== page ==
(376f) Loosely Packed, Hydroxyl Terminated Sams on Gold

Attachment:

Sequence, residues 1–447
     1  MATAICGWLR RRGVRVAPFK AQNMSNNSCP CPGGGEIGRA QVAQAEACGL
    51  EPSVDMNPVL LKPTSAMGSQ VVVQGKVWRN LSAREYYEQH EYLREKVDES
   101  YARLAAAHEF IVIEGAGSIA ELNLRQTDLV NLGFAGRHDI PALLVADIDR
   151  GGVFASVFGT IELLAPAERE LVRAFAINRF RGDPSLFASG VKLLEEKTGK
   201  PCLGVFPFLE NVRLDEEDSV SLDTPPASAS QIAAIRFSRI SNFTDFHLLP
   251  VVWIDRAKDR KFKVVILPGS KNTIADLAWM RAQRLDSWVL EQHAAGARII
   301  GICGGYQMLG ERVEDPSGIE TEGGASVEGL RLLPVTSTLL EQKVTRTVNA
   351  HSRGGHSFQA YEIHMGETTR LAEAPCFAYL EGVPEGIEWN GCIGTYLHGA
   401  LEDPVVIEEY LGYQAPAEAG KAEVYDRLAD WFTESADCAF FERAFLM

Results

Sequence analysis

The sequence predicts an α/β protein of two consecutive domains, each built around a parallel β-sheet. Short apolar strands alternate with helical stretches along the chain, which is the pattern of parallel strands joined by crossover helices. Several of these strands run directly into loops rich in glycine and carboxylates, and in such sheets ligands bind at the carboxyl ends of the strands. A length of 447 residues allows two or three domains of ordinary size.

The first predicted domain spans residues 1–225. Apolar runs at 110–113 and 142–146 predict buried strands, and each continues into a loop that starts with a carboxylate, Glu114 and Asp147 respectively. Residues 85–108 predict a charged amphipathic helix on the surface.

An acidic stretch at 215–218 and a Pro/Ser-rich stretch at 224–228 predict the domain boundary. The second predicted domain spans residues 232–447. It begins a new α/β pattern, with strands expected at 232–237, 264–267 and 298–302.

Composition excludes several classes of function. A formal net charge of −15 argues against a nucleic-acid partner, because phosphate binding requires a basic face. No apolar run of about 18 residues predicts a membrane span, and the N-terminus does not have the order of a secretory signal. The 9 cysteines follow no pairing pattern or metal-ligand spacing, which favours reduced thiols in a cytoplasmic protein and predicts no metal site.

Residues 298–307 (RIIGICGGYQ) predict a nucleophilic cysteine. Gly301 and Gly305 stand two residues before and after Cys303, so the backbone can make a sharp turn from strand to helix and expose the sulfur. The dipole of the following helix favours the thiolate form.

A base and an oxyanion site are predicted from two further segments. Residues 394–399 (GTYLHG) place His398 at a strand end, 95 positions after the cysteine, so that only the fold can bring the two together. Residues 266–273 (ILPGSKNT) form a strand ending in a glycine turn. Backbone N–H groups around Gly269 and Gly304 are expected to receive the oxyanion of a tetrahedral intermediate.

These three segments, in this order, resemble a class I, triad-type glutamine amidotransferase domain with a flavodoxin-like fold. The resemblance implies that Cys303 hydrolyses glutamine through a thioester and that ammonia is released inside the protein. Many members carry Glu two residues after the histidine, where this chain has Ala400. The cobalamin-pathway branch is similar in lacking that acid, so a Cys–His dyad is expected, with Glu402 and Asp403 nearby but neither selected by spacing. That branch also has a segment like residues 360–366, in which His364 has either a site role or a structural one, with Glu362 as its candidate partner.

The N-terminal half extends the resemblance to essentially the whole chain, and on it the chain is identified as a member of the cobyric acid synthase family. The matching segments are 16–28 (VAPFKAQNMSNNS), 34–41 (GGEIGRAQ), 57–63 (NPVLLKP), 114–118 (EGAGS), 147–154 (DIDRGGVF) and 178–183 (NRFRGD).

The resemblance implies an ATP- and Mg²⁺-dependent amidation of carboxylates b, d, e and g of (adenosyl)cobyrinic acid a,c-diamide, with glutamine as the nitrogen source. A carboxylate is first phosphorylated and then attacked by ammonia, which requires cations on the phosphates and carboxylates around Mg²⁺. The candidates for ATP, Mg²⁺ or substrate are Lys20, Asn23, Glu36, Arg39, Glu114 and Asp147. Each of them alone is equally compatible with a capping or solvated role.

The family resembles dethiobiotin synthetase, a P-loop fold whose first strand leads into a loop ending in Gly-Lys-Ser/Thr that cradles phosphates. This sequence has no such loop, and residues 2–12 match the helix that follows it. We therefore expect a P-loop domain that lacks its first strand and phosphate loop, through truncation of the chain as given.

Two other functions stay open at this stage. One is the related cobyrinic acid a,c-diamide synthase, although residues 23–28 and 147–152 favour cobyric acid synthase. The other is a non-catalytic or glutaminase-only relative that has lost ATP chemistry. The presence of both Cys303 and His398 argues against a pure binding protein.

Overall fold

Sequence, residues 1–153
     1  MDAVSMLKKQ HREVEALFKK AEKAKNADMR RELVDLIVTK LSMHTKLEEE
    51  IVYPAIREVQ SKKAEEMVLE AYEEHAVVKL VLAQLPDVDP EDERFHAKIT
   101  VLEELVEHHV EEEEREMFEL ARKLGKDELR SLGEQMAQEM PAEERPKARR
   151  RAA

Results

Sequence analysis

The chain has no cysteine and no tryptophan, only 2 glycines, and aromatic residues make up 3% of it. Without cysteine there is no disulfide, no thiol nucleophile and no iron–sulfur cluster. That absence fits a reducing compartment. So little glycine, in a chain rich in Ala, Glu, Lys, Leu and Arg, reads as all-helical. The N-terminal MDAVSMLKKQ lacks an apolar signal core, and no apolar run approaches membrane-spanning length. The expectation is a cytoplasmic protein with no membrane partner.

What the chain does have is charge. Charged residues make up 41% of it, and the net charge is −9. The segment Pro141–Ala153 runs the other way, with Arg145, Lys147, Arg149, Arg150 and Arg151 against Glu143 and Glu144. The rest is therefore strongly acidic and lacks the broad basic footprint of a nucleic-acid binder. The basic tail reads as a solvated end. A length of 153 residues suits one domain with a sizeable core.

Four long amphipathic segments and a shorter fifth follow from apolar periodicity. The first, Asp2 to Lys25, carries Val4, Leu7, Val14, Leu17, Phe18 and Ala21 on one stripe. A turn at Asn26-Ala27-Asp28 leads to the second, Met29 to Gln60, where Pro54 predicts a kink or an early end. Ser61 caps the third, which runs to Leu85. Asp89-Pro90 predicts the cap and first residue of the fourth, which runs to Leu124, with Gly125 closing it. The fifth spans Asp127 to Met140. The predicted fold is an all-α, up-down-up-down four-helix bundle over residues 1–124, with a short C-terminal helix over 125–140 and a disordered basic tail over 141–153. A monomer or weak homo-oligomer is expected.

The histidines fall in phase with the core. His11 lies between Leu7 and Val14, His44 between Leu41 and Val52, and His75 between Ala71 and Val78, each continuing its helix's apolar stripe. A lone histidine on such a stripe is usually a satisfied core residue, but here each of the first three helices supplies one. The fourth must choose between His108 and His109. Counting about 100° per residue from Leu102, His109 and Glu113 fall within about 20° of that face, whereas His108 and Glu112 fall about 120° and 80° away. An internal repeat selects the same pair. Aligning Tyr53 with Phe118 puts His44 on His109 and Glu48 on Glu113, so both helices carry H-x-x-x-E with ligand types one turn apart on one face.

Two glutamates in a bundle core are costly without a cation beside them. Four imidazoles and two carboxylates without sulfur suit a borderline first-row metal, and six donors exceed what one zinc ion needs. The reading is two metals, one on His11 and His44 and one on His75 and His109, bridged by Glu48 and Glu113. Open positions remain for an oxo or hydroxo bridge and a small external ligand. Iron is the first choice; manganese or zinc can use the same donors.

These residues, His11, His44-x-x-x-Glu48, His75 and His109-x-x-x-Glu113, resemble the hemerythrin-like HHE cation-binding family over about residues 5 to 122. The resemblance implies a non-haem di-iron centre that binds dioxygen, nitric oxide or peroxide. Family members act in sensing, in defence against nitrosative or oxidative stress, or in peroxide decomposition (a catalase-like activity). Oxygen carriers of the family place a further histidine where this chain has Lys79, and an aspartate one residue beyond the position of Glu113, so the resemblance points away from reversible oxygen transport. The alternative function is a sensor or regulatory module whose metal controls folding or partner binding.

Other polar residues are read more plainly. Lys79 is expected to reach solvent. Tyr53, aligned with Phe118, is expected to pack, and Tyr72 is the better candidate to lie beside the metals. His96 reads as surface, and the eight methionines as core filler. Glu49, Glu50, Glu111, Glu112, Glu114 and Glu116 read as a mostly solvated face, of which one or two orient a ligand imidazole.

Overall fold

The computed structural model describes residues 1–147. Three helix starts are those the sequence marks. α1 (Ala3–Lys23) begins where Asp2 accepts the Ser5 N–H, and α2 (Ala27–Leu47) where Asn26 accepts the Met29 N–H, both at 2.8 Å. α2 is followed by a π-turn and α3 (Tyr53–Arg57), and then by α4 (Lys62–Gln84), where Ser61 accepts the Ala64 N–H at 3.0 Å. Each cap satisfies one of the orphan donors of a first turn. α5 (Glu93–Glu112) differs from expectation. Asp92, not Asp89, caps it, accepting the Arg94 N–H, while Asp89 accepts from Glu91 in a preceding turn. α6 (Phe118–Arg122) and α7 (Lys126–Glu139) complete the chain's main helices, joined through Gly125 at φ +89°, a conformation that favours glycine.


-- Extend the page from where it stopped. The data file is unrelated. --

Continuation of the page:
While self-assembled monolayers (SAMs) are ubiquitous for the preparation of dense, two-dimensional sheets of surface functionality, loosely packed, fluid-like monolayers could offer advantages in interfacial recognition, biological adsorption, and the creation of dynamic surfaces. We report the development of loosely-packed, hydroxyl-terminated SAMs on gold by adsorption of bis (11,11'-dithioundecyl) perfluoroheptanoate and base-mediated cleavage of the fluorocarbon terminal group. As shown through infrared spectroscopy, contact angle goniometry, ellipsometry and electrical impedance spectroscopy (EIS), the partially fluorinated SAM yields a densely packed film in which the fluorocarbon groups govern the packing. Upon cleavage of the fluorocarbon group, the hydroxyl-terminated alkyl chains cant from the surface normal and are in a fluid like state. The resulting monolayer packing uniquely alters the wettability of the film by exposing methylene functionality in addition to the hydroxyl functionality yielding an intermediate surface energy (θa(H20) ~64ْ ). In comparison with densely packed hydroxyl-terminated monolayers of identical chain length, these films exhibit a reduced thickness (by 2 Å), 41% higher capacitance, and a 3-fold reduced charge transfer resistance. Analogous studies on bis (6,6'-dithiohexyl) perfluoroheptanoate and bis (11,11'-dithioundecanoic) perflouroheptanoic anhydride were performed to evaluate the impact of alkyl chain length and terminal group functionality.